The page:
Ohio Voter Rights Coalition Blog; The Ohio Voter Rights Coalition: FOR IMMEDIATE RELEASE September 17, 2013

FOR IMMEDIATE RELEASE September 17, 2013

Contact: Camille Wimbish


(614) 236-3415

Voter Advocates Criticize Latest Restrictive Elections Bills

The Ohio Fair Elections Network, a coalition of national, state and local fair elections advocates, criticized the latest election bills introduced by Representative John Becker (R-Union Township). House Bill 263 narrowly sets early voting hours from 8:00 a.m. - 4:30 p.m., and prohibits early voting on evenings and weekends. A second bill, H.B. 266, prohibits county boards of elections from using their own discretion to send absentee ballots to all registered voters in the county. In addition, H.B. 266 prevents public assistance agencies from sending unsolicited voter registration applications, a possible violation of the National Voter Registration Act of 1993.

The limits on the hours for early voting proposed in H.B. 263, is compounded by the limits on the days for early voting proposed in H.B. 250, which would cut early voting in half from 35 days to 17 days. Camille Wimbish of Ohio Voice said, “Early voting is very popular in Ohio. In the last weekend before the 2012 election, over 60,000 votes were cast across all counties.” She questioned, “Why would Rep. Becker attempt to restrict the days and hours of early voting, when it will certainly make if more difficult for voters to have access to the ballot box?”

Rep. Becker’s claim that the proposed cuts to early voting will result in cost-savings is also in dispute. Franklin County Board of Elections Member Zach Manifold stated, “The convenience and flexibility of early voting has allowed counties to save a tremendous amount of money through precinct consolidation. This legislation will reverse those cost-savings, as fewer people voting early will require more election staff, poll workers, and voting machines on Election Day.” He noted, “Additionally, this legislation will force small counties that only needed part time hours to meet the early voting demands of their voters, to spend significantly more taxpayer money to stay open full-time.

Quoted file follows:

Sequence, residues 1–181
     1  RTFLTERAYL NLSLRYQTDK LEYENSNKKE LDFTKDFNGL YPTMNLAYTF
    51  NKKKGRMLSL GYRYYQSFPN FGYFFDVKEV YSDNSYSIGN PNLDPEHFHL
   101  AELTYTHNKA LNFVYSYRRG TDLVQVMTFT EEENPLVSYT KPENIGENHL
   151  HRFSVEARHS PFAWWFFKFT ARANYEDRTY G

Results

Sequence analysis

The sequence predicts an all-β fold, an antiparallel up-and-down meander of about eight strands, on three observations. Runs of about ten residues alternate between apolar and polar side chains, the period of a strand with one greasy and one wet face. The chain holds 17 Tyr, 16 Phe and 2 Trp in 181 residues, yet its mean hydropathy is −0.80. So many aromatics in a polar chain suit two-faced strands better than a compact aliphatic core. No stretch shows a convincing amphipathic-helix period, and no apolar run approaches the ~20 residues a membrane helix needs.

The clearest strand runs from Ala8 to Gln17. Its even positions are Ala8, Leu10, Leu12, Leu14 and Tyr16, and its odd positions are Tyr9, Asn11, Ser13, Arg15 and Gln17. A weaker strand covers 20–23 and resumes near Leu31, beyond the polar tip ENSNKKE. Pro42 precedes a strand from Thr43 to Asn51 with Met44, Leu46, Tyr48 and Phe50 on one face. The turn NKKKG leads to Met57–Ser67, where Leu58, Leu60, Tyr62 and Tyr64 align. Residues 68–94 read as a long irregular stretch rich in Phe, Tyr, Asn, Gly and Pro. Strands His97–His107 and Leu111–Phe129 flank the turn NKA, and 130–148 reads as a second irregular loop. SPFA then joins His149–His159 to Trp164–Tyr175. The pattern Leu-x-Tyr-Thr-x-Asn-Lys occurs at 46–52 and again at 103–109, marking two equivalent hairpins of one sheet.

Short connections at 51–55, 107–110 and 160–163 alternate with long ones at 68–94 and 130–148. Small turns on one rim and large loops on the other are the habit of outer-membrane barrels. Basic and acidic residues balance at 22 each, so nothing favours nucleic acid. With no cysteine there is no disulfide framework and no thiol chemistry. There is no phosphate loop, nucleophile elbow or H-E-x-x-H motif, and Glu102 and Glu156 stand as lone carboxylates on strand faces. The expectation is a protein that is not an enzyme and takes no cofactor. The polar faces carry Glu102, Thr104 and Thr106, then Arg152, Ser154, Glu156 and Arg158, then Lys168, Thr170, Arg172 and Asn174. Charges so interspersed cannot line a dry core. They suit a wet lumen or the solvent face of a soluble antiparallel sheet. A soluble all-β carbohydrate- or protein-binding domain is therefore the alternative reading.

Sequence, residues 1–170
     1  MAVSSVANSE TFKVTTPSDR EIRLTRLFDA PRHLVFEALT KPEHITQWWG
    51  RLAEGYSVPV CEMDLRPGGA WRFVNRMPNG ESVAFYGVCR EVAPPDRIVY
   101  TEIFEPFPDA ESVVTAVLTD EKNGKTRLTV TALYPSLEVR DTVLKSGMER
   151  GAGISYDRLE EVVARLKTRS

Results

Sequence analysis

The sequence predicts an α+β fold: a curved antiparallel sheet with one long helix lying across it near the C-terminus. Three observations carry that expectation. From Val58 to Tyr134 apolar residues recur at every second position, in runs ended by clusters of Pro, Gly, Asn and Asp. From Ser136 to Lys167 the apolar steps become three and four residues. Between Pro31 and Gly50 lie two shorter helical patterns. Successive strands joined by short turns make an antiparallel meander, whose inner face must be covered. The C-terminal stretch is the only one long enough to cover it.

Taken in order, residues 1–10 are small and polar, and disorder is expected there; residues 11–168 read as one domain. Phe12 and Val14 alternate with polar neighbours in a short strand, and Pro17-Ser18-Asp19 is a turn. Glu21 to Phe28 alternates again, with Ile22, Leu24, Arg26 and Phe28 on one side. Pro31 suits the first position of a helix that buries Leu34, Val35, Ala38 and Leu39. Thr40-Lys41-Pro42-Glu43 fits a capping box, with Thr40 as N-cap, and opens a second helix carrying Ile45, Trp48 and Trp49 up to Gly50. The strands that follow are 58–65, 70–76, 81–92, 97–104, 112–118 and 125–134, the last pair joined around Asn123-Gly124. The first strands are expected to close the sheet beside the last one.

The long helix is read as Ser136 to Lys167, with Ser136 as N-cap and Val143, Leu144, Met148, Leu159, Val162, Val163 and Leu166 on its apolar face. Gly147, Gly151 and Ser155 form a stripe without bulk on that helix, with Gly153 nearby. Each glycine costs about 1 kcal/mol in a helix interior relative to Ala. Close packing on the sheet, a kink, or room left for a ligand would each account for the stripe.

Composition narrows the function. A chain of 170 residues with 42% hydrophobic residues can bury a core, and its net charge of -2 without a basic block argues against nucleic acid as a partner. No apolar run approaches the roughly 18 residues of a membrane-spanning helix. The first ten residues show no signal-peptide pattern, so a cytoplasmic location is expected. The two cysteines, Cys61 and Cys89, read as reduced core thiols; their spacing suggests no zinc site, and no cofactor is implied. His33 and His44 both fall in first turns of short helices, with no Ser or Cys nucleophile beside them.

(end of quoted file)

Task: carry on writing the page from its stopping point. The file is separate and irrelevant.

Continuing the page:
Others voiced concerns about the impact of preventing public assistance agencies from mailing voter registration applications to low income citizens. Norman Robbins of the Northeast Ohio Voter Advocates observed, “This prohibition only exacerbates the disparity between applicants at the Bureau of Motor Vehicles, where applicants must refuse a pre-filled registration form, and low-income applicants for public assistance benefits, who must fill out a complete form, often in the middle of a family crisis.” He noted, “This bill would increase the number of costly provisional ballots by making changes-of-address more difficult for the very people who move the most.” He added, “Not only does H.B. 266 send a harmful message that voting rights are not equal among Ohio’s poor, but the bill likely violates federal law.”

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